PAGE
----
Thomas Jefferson Papers
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To Thomas Jefferson from John Wayles Eppes, 2 February 1802

From John Wayles Eppes

Feb. 2. 1802.

Dear Sir,

I forwarded to you a few days since a letter from Maria—My Father who is now in Town left her well yesterday.

You will find enclosed the journal of the house of Delegates containing the amendments proposed to the Constitution of the U States—They are postponed by the Senate until the next session—

Early in the present session of assembly a Resolution was submitted to the House of Delegates for inspecting the appropriations of money drawn from the contingent fund by the Executive—A measure at first originating with the Republicans in the House & intended merely as the basis of future regulations on this subject, has been artfully held up by the foes of Monroe as a censure on his conduct—I enclose you a copy of the report of the committee appointed to examine into the expenditure of public money by the Executive & of the Resolutions entered into on this subject by the House of Delegates yesterday—This stroke to weaken the confidence of the public in the Executive has been followed by an attempt to dismember the State and form a seperate government West of the Blue Ridge—Several meetings have been held by the members from that country on this subject—I attended their last meeting & to my great satisfaction found that of 56 members from the West of the ridge only 29 attended—That of these 14 were in favour of the Resolutions 14 against them & Mr. Brackenridge their chairman gave the casting vote in favour of establishing corresponding committees beyond the ridge to asscertain the sense of the people on the subject of a seperate Government—of these 14 a large Majority refused to sign the resolutions, so that it ends in smoke. The whole proceeding may be considered as an attempt on the part of the Federalists to lessen the weight of Virginia in the Federal scale. You have heard of the division of the high court of chancery—Genl. John Brown is elected chanceller for the upper District & Mr. Wirt our Clerk for the lower—

The Legislature will probably adjourn today or tomorrow—I will forward by tomorrows post Govr. Monroes letter on the subject of the public expenditure (not yet printed). It may be considered as one among the many proofs of his talents given during the present session of assembly—

We have heard by private letters from Washington of a derelection from principle serious tho’ not unexpected.

Adieu accep for your health & happiness the warm wishes of affection Yours

Jno: W: Eppes

RC (MHi); addressed: “Thomas Jefferson President of the United States Washington”; franked; postmarked Richmond, 1 Feb.; endorsed by TJ as received 5 Feb. and so recorded in SJL. Enclosures: (1) Eight amendments to the Constitution of the United States proposed by the Virginia General Assembly, as considered in the House of Delegates on 26 Jan.: to prohibit the president from serving two consecutive four-year terms; to cut the term of U.S. senators to three years to be classed so that one-third go out of office every year; to give the House of Representatives concurrent power with the Senate in approving or ratifying all treaties “where their agency shall be necessary to carry the same into effect”; to designate specifically presidential and vice presidential candidates in future elections; to consider the common law of England as separate from the law of the United States, “except so far as it may be adopted by special statute, where its principles and objects are expressly sanctioned by the words of the Constitution of the United States”; to hold as sacred and inviolable the freedom of conscience, speech, and press; to declare federal judges ineligible for any other government appointment during their continuance in office and 12 months thereafter; to choose hereafter judges of the courts of the United States by joint ballot of the Senate and House of Representatives (JHD description begins Journal of the House of Delegates of the Commonwealth of Virginia (cited by session and date of publication) description ends , Dec. 1801-–Feb. 1802, 81–83). (2) For the report of the committee and the resolutions passed by the House of Delegates on 30 Jan., see below.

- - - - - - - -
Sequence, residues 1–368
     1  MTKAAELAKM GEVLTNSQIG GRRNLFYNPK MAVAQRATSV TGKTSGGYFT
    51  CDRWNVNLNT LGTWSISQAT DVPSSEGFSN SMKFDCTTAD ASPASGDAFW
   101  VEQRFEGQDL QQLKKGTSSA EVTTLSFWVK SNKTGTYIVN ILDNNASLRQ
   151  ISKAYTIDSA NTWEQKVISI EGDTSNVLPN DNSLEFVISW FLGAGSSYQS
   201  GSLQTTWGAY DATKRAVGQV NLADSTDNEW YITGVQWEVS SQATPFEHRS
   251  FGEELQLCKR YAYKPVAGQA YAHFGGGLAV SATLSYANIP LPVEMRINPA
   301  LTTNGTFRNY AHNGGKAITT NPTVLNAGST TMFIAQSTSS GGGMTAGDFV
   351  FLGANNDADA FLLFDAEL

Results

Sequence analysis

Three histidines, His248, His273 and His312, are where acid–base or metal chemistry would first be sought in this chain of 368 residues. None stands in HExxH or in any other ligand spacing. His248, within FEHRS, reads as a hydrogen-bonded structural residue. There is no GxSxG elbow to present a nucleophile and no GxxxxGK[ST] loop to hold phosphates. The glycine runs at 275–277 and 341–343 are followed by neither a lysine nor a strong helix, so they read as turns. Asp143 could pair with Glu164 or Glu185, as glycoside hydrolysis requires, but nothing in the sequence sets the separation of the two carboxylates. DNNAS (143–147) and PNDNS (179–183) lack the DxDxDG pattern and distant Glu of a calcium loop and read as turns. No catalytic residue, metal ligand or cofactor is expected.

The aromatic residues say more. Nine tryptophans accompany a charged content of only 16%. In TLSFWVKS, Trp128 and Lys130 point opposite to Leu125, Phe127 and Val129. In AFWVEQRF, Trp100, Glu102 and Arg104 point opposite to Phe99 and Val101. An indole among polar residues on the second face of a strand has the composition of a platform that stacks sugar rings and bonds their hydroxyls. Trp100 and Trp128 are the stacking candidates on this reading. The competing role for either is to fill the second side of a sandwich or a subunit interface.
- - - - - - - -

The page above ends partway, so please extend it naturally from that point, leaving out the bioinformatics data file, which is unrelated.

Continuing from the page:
Although Eppes dated this letter 2 Feb., internal evidence and the postmark indicate that he wrote the letter a day or two earlier. Eppes was in Richmond representing Chesterfield County in the Virginia Assembly (Leonard, General Assembly description begins Cynthia Miller Leonard, comp., The General Assembly of Virginia, July 30, 1619-January 11, 1978: A Bicentennial Register of Members, Richmond, 1978 description ends , 223). According to SJL, on 5 Feb. TJ also received a letter from Eppes dated 1 Feb., which has not been found.

Letter From Maria: Mary Jefferson Eppes to TJ, 24 Jan. 1802.

On 28 Jan., the Senate received and read the amendments proposed to the U.S. Constitution by the House of Delegates (see Enclosure No. 1 above). The next day the Senate resolved that it was “too late in the session to devote as much time as a full consideration of a subject so highly interesting will require” and postponed the resolutions until the next General Assembly (Journal of the Senate of the Commonwealth of Virginia. Begun and Held at the Capitol in the City of Richmond, on Monday the Seventh Day of December, One Thousand Eight Hundred and One [Richmond, 1802], 65–7).